We want women and girls to be represented and included. Science, technology, and related areas of study and employment are too often lacking female interest and participation. YTF programs empower women and girls, with a belief that tapping the entire human resources potential of the developing world is imperative for meaningful economic and social development.

We build human and social capacity through local staff as an effective development tool. Every country offers a unique set of challenges, so we recruit and train local teams and volunteers to implement our programs. Our teams understand the needs of each country and each community. They speak the language, form a part of the culture and ensure the highest quality of programs while delivering relevant information and appropriate technology solutions for the participants.

Our values

YTF’s work is guided by the following principles. These beliefs determine the way we approach our work and articulate our priorities.

  • Honesty and integrity
  • Passion for people: Our program participants, communities, partners and team
  • Grassroots led: Creating a movement to unleash potential in disadvantaged communities
  • Access to opportunity: Education, information and communications technology (ICT), and the acquisition of life skills
  • Accountability for commitments and results

We believe that if you equip people of any social or economic background with the resources they need, they will accomplish phenomenal things.

Why technology is so important in our work

Access to appropriate technologies, like basic Internet or mobile devices, opens up a world of opportunities to those on the margins of the digital era. Technology is an enabler of rights, a gateway to other rights including freedom of expression, social and economic rights, and hence should be a basic human right itself.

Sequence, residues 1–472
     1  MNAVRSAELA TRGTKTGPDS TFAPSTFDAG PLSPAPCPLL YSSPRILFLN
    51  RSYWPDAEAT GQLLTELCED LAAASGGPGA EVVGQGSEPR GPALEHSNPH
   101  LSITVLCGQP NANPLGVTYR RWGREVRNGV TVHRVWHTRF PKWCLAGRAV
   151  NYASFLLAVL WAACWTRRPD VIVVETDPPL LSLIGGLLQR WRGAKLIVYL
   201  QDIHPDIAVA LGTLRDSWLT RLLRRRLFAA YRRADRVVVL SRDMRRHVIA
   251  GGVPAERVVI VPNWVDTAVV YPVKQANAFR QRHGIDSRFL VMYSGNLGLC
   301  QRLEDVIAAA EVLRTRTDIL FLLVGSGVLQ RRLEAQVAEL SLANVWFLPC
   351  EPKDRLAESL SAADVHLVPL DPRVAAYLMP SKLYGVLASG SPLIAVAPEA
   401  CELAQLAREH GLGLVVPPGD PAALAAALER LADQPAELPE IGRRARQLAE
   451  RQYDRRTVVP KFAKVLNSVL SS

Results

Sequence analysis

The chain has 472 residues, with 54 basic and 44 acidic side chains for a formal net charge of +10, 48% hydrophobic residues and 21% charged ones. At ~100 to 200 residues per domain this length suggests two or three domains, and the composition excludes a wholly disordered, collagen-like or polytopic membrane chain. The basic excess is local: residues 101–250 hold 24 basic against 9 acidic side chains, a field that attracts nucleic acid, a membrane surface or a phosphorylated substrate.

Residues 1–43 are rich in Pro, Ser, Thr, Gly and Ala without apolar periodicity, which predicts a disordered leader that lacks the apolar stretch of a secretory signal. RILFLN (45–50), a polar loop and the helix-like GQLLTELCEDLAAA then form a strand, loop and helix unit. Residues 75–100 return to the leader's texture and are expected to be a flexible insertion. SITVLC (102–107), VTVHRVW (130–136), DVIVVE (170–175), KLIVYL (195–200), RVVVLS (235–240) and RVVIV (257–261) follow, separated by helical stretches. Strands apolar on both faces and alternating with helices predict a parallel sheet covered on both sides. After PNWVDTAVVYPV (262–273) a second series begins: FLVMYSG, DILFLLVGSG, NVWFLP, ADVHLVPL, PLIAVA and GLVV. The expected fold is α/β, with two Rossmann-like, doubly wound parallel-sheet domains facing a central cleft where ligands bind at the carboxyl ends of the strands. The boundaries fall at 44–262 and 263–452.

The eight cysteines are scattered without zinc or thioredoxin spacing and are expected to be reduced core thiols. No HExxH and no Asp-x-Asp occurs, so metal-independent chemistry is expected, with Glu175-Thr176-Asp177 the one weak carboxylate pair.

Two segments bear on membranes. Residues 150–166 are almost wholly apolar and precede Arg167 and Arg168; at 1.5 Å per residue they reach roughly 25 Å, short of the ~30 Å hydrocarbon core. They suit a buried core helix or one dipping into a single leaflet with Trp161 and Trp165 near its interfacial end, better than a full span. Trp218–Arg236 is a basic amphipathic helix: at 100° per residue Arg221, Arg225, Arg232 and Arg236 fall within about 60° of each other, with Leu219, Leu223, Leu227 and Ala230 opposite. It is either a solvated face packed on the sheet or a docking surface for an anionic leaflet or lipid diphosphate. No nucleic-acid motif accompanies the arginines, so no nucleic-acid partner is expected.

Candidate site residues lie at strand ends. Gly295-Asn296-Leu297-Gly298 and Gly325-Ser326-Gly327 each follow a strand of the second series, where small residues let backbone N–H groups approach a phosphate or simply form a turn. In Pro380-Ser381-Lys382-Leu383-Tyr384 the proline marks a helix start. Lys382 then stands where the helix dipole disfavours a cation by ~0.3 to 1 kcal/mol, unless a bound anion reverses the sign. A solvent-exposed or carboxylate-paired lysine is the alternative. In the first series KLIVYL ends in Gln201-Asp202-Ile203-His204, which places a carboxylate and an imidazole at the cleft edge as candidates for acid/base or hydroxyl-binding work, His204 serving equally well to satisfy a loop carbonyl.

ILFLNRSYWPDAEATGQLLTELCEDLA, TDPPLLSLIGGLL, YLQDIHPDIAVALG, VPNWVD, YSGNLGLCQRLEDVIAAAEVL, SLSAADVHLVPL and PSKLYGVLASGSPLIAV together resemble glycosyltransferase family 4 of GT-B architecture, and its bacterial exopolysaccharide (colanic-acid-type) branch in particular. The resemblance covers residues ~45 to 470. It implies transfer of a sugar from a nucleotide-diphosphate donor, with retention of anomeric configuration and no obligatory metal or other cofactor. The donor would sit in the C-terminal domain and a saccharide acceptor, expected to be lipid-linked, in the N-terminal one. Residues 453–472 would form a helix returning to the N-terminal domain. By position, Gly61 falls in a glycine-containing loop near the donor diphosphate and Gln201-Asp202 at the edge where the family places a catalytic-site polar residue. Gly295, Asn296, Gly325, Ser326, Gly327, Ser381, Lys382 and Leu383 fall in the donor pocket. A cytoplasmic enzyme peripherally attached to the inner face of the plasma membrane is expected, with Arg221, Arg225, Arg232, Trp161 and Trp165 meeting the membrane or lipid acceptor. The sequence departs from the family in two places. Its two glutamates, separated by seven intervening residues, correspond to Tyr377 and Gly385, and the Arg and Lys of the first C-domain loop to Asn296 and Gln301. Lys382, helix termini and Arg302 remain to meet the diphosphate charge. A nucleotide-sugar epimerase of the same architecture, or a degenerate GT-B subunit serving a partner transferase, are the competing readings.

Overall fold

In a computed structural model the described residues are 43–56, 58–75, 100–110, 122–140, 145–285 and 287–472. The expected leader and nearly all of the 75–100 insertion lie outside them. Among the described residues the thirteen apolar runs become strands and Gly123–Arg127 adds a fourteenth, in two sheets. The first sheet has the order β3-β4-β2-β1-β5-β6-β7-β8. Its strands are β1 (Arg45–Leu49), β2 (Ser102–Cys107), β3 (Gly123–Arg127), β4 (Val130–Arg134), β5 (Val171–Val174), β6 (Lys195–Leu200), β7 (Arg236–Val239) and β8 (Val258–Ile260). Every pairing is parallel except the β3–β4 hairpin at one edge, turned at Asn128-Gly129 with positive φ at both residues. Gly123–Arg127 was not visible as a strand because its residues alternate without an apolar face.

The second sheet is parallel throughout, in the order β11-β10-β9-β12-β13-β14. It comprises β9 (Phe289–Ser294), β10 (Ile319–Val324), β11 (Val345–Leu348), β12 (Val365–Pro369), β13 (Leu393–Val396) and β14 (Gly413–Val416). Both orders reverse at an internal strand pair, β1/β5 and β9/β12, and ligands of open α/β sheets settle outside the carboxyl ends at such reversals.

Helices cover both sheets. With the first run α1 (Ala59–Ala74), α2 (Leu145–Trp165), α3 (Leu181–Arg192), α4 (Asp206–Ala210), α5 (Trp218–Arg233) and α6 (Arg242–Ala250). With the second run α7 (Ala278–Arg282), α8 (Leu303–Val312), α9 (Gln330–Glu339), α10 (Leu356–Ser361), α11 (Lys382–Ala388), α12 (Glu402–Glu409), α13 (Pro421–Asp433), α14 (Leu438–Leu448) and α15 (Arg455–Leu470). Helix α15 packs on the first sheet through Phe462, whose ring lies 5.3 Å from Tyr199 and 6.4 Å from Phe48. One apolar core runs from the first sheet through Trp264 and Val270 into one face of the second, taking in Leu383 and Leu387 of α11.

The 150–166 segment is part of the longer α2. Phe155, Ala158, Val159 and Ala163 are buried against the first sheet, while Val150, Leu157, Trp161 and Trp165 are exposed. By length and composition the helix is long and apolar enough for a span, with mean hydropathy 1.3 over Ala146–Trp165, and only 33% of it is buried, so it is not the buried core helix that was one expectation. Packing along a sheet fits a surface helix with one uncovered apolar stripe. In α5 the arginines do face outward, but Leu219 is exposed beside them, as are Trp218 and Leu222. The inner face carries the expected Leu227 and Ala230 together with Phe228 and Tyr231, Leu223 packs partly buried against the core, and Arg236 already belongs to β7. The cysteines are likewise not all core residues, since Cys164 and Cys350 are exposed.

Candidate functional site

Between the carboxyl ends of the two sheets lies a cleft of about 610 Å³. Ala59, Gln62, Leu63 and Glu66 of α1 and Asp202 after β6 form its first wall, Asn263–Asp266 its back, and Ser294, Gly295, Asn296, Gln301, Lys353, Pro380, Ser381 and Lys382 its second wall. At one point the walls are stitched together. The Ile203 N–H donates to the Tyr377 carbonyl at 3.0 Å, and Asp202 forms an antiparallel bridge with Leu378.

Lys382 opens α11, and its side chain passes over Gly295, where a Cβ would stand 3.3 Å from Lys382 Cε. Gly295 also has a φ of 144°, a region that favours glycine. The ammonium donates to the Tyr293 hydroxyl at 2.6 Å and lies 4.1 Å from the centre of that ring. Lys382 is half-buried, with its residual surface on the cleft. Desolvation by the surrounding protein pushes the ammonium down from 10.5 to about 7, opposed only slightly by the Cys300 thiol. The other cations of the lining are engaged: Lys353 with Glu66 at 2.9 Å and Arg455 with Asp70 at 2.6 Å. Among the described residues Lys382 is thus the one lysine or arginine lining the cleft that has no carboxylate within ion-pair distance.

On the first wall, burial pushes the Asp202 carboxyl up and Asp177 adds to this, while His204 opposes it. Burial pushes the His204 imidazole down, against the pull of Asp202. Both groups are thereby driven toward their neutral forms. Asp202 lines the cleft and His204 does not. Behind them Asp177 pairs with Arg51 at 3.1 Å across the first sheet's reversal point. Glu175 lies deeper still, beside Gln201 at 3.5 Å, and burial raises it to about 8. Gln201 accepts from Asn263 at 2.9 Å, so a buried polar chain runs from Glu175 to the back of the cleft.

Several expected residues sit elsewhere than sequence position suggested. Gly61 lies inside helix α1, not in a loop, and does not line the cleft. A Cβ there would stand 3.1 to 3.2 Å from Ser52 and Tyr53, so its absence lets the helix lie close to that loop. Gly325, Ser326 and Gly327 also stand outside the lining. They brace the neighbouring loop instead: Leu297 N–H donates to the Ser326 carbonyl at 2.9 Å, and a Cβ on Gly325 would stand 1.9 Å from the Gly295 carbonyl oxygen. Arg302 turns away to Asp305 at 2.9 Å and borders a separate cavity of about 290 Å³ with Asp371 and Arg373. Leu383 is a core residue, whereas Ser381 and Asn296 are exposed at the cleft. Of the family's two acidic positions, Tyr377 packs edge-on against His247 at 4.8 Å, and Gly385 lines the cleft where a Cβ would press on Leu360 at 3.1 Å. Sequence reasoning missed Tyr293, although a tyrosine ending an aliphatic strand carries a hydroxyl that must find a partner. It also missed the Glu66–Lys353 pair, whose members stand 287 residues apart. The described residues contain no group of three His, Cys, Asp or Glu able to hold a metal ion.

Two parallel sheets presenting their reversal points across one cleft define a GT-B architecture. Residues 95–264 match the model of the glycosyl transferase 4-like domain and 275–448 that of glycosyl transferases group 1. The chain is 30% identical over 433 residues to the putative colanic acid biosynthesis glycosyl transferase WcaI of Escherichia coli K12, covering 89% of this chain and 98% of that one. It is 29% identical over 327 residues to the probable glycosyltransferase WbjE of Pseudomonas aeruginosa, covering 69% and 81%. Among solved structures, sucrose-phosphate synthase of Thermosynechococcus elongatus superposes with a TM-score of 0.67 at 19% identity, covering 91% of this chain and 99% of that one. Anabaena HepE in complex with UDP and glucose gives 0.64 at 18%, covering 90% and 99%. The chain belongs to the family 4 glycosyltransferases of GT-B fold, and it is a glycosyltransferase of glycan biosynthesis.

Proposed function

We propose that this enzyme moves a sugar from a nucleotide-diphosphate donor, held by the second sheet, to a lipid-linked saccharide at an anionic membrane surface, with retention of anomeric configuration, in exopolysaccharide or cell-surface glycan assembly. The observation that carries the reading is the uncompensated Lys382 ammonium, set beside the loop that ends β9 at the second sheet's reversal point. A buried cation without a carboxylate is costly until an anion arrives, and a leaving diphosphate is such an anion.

The Internet in particular is a catalyst for economic growth. An increase in a country’s Internet maturity correlates with a sizable increase in real per capita GDP. Yet research shows that at current trends, the world will not meet its goal for universal access until 2042 — over 20 years past the target date. YTF is aiming to equip youth and women with the skills they need to overcome this gap.


The digital divide by the numbers


of people worldwide are not using the internet as of 2017
of the population in Africa is offline
of the world’s least developed countries are offline

Source: International Telecommunication Union, 2017

The gender digital divide by the numbers

The gender digital divide is growing. Women in poor, urban communities are up to 50% less likely to access the internet than men in the same communities. Doubling the number of women and girls online would generate an estimated additional USD 13 to USD 18 billion in GDP across developing countries. It would unleash a market of new platform sales and network access amounting to an estimated USD 50 to USD 70 billion.